Researchers unravelling the mysteries behind one of Canada’s oldest English cemeteries x1
Fort Anne’s Garrison Graveyard is in Annapolis Royal, N.S.. adf
It’s been a century since Fort Anne became Canada’s first administered national historic site, but much of the history surrounding the once hotly contested grounds in Annapolis Royal, N.S., is still shrouded in mystery.
On Monday, a team of researchers hope to use new technology to unlock some of the old secrets buried within Fort Anne’s Garrison Graveyard, which is one of the oldest English cemeteries in Canada.
“To understand where we’re going, we need to understand where we’ve been,” said Ted Dolan, Parks Canada’s site and visitor experience manager for historic sites in southwestern Nova Scotia..
“Any additional information that we have as to what happened on our landscape in the past is really going to inform us as to who we are and where we come from.”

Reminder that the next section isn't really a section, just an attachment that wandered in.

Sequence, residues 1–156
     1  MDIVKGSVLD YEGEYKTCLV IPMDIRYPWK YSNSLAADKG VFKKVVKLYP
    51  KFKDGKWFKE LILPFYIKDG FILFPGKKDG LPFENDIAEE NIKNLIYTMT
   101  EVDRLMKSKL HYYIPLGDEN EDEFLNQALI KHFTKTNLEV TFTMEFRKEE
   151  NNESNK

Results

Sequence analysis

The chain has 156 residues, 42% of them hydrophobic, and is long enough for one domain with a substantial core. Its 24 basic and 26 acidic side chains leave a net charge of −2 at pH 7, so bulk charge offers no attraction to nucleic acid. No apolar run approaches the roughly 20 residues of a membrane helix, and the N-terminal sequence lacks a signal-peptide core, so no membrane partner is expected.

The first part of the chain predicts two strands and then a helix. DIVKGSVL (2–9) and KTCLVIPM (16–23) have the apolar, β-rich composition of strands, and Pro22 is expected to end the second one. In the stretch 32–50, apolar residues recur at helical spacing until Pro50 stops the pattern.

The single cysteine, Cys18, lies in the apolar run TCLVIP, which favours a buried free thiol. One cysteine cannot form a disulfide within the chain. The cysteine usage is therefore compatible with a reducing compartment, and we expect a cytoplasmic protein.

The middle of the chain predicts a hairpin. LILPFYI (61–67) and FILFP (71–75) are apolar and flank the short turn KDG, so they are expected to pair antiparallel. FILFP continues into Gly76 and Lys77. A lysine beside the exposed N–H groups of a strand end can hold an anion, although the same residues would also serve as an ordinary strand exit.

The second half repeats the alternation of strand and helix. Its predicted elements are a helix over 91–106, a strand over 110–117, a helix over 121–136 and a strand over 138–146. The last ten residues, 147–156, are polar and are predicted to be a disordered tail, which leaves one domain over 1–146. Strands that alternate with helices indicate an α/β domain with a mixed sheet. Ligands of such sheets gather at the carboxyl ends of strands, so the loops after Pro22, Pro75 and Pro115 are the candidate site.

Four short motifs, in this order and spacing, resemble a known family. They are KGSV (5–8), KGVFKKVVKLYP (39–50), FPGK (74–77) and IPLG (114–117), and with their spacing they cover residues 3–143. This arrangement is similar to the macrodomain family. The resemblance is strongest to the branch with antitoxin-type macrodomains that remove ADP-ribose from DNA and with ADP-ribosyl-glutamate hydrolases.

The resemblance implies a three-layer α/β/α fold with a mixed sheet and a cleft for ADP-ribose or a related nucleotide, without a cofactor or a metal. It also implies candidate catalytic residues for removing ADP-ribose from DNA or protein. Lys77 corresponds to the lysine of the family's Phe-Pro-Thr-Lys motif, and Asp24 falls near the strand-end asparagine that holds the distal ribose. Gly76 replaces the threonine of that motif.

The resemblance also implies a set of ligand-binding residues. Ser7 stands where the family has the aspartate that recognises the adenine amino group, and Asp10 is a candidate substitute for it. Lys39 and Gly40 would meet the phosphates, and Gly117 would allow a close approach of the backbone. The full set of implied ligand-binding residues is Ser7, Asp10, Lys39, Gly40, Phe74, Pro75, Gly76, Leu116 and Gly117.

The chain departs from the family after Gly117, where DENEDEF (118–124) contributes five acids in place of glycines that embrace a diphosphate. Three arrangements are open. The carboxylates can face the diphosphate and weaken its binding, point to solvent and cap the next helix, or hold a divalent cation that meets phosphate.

Dolan describes Fort Anne as “the most fought-over piece of land in Canadian history since European colonization.” Originally fortified by the Scots as early as 1629, the site was later taken over by the French, before it fell to British troops in 1710. It would remain a regular battle scene for another 50 years.
Dubai will remain a "prosperous city where future generations achieve their dreams and aspirations", it promises.
Body goes here..
The document does not seek to replace existing strategies – such as the Dubai Plan 2021, which aims to reinforce the emirate's position as a global centre for industry – but instead seeks to build on the government's vision for the "life we wish to maintain for everyone living in this community".
The nine articles include a proposal to foster a Dubai silk road in co-operation with "friendly neighbours" in order to reestablish the city as a trade hub and as a crossroads between east and west, as well as north and south.
Updated: January 21, 2019 06:52 PM